“One of the things I remember reading was, ‘Christ was treated as we deserve so that we may be treated as He deserved,’ and I’d neverthought about that,” Andy says. “It used to make me angry that Jesus sat in Pilate’s judgement hall and he wouldn’t talk…I was the type of person who would waste no time in defending myself when people challenged me. Why would Jesus not take this opportunity? But reading Desires of Ageschanged my perspective. By God’s grace I have learned that if God is our defense, we don’t have to defend ourselves.” As he continued to read, and passages confirmed what the early Anabaptist church had taught about righteousness by faith, he realized, “I have found the truth! This has to be the truth!”

As Andy dug deeper into the scriptures, he began sharing with his friends and relatives what he’d learned about the Mark of the Beast, the Sabbath, and other biblical truths, honestly believing once they heard, they’d accept it and revival would sweep through the church. What he and his wife encountered, however, were threats of excommunication for speaking heresy. They had no desire to leave the Amish community or be shunned by family and friends, so they quieted down for a while. Andy was completely miserable. He knew he had found the truth but could not do anything with it. 

One day he stood in his workshop, too depressed to do anything. He had burned all of his Spirit of Prophecy books months before, thinking his convictions would eventually go away. As he stood there in his workshop, he remembered he had kept one copy of The Great Controversyto give to a Baptist friend. “Maybe I can find something encouraging in that book,” he thought. He went to the barn, retrieved it and began reading the chapter on Martin Luther and his separation from the Church of Rome. That was when the Lord spoke to him in a very direct way. “Andy,” He said, “I have suffered long with you and I have a calling for you.” Andy responded, “Lord, if you will help me, I’ll do what you want me to do. I’ll follow you.” 

Andy and Naomi were excommunicated from the Amish faith in 2013. While an extremely difficult time for them, they firmly stood by their conviction that what they had learned from the Bible was true. As they discussed the potential of becoming part of a different outside culture, Naomi suggested, “We could adopt this truth while still holding onto our Amish heritage, couldn’t we? What prevents us from maintaining our lifestyle, which we love dearly? That way while we live in this community, we still fit in—even though the church doesn’t accept us.” So, that is what they did.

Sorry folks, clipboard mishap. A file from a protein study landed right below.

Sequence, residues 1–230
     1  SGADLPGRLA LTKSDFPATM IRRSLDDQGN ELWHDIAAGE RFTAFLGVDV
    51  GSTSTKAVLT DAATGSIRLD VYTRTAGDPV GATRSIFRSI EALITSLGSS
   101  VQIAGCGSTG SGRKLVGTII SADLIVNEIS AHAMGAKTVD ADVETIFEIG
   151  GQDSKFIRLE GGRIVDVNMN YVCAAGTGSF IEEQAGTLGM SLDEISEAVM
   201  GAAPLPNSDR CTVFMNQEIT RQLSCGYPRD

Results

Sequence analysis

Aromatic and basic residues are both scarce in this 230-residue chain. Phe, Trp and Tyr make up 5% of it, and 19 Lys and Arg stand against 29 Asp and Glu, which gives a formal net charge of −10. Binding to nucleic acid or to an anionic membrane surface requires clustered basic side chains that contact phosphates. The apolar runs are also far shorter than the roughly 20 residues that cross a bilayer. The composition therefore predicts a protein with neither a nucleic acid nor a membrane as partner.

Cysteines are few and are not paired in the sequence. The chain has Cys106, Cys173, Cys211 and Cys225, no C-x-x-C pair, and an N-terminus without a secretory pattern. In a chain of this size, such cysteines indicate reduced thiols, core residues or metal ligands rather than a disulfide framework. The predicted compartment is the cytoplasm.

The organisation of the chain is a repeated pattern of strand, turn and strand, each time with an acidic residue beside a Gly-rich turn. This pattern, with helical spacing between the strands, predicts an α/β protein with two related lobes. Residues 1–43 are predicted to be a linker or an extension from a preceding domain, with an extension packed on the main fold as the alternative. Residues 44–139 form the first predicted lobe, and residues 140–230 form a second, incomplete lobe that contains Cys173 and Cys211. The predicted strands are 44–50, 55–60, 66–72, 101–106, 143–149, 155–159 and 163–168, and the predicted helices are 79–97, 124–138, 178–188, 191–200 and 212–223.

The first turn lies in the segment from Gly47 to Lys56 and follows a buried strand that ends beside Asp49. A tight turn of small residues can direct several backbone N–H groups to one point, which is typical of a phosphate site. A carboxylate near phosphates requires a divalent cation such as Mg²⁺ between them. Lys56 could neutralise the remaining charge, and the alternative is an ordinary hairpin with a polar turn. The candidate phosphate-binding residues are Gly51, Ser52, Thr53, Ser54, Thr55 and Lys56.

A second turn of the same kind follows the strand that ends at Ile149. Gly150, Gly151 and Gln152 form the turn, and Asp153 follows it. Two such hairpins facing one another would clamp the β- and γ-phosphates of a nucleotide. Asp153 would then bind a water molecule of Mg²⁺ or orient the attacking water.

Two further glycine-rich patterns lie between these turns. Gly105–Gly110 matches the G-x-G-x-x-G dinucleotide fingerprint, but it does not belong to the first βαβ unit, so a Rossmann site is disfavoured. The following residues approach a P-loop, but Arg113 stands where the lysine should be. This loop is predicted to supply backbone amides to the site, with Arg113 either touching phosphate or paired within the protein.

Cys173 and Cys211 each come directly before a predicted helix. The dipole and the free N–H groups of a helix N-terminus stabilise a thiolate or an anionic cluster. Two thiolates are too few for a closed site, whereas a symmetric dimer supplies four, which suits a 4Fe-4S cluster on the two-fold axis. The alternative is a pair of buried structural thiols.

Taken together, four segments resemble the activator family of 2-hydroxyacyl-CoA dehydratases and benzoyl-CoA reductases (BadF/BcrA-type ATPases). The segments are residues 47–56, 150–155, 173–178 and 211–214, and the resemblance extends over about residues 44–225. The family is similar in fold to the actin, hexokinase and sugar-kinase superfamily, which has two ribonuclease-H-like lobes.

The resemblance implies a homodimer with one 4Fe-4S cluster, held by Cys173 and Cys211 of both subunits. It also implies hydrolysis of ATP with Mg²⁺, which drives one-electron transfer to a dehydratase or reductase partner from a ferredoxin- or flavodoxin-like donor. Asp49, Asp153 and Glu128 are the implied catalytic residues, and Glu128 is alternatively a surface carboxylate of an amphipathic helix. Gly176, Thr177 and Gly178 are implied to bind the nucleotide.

The rest is history, Andy says. He found a gold mine of truth, a truth that brings hope—even to Plain people who look innocent and peaceful, but who are hopeless and brokenhearted—and he is on a mission. “God has called us,” he says, “to bring this message to our people. It’s a mystery to me why the marvelous truth of the Three Angels’ Messages has never really been introduced to the modern day Anabaptists, the Amish and Mennonite people.”

In 2015, the Weavers, with the help of friends, formed West Salem Mission, a supporting ministry of the Seventh-day Adventist Church. West Salem Mission exists to share the beautiful truths of scripture and the Three Angels’ Messages in the West Salem, Ohio, community and beyond. They have a growing congregation, a school, and are actively involved in outreach and evangelism. Andy says, “While we love the Amish lifestyle, the most exciting thing on this earth, other than the assurance of salvation, is the fact that I can be part of a world-wide Church that believes just what I believe. I love the Seventh-day Adventist Church.”

You can find more information on West Salem Mission and the Weavers by visiting: westsalemmission.org.You can also view a short documentary featuring Andy and Naomi Weaver by clicking here.